Having mapped the explicit emotional DNA of sound, we already have a suite of tools that can be used at various stages of sonic branding development to increase the certainty of a return on investment.
There will come a time in the not too distant future when brands will be called out for not investing in sound, and the tools and technologies we continue to bring to market will accelerate and justify these investment decisions.
There is currently very little competition in our sector and no other player can match the sophistication and scale of our testing capabilities. Furthermore, no other company has the 360-degree market perspective that working directly with brands, agencies and academia provides.
We're now widely recognised as the global market leader. And with a number of industry-changing products for sonic branding, sonic marketing and catalogue management/search ready for release later this year, we fully expect to consolidate and extend that lead.
We have very productive relationships with Goldsmiths and Cambridge University who lead the world in the psychology of music and sonic branding – ensuring that academic excellence underpins our product set.
We have meaningful market validation with scores of successfully completed projects with many of the world’s largest brands plus our core tools have already been white labelled by sector leaders such as MassiveMusic and DLMDD.
We are about to complete an ambitious £400,000 research project, in partnership with Goldsmiths, (funded by the UK government’s Innovate agency) to map the subconscious emotional DNA of music. This understanding of the implicit impact of music, and its relationship to the explicit impact within a marketing environment, will have fundamental implications for brands intent on building value and driving sales through music.
Where do you think the growth of the business will come from?
More and more brands are investing in sonic branding. Furthermore, the adoption of sonic branding is a great educational path for brand owners. It helps them to understand the emotional power of music. This remains virtually untapped by brands for achieving brand loyalty and increasing the propensity to buy through brand-consistent music marketing. This understanding will translate into strategic sonic marketing. And we will increasingly help brands and agencies make the best choices for music marketing - thus making music a strategic tool in the marketing toolbox.
Why have you been able to achieve world leadership?
It's down to our mindset and our fundamental belief in the power of research and development. We are driven by the customer. Because we're constantly exposed to brands, agencies, music psychologists and the wider music industry, we have a very clear understanding of the market need. And our huge investment in R&D, that has resulted in the emotional DNA map of music, has enabled us to build products that satisfy that need. I believe our disruptive approach to sonic branding testing is proof positive that intellectual alchemy works!
Have you any desire to work in other markets?
No. We are going to stick with sound. We are going to use our global leadership to keep innovating with new tools for both explicit and implicit testing. And then we will continuously improve them. We are all-in on music.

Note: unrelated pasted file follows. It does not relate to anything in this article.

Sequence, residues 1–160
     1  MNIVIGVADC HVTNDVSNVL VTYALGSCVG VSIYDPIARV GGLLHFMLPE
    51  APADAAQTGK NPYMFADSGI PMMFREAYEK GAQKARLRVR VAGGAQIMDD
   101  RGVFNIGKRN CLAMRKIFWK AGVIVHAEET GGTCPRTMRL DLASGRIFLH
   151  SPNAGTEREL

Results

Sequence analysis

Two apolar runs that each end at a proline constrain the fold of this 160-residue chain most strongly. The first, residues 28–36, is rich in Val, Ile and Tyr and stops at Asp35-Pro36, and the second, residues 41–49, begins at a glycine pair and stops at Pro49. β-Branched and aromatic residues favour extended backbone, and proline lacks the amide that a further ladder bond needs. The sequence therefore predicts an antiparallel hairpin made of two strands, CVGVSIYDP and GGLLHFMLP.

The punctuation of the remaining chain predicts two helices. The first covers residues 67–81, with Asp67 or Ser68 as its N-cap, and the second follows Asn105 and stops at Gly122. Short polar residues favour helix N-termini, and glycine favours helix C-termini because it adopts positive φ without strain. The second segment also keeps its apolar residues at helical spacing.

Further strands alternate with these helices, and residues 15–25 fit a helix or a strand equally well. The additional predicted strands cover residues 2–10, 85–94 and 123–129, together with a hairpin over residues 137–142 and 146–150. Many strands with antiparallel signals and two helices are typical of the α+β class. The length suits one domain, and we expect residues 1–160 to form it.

Where would you focus your innovation if you had a big injection of investment capital?
About 50 to 60% of our revenue goes into R&D already. So, if we had a big injection of investment, we'd ramp up our latest project: transforming the music catalogue management market. This truly revolutionary technology will help brands search huge catalogues based on the personality of their brand - as defined by them. Today catalogues are searched on sound qualities such as genre, mood, the number of beats per minute and a limited number of attributes. A 360-degree brand personality search capability could remove the frustrating processes that are currently endemic across the industry. It would enable a holistic search capability where brands search for music based on their own brand language rather than musical terms. This would ensure that the music identified will be aligned with their brand attributes and personality, helping to reinforce the emotional connections that consumers have with their brand. We are already in early trials with huge catalogue owners and should be in a position to share more about this in a few months.
Is there a music track that triggers powerful emotions in you?
There are many tracks which trigger emotions for me. But I think the more important point is the unique power that music has compared to some of the other senses. For example, couples have ‘our song’. They never talk about ‘our video’ or ‘our logo’. Songs have this power because of the strength of emotional connection music makes with the subconscious mind. When people get home from work, they don't ask Alexa to play their video playlist, they fire up an appropriate music playlist to reinforce or change their mood.
Sound can be a unique brand asset that most brands haven't yet begun to capitalise on. The potential for brands, and by extension SoundOut, to harness the power of sound is almost limitless. While we have been around for a while, I believe that our journey has just begun, we are just at the start of a seismic shift in the relationship between music and brands.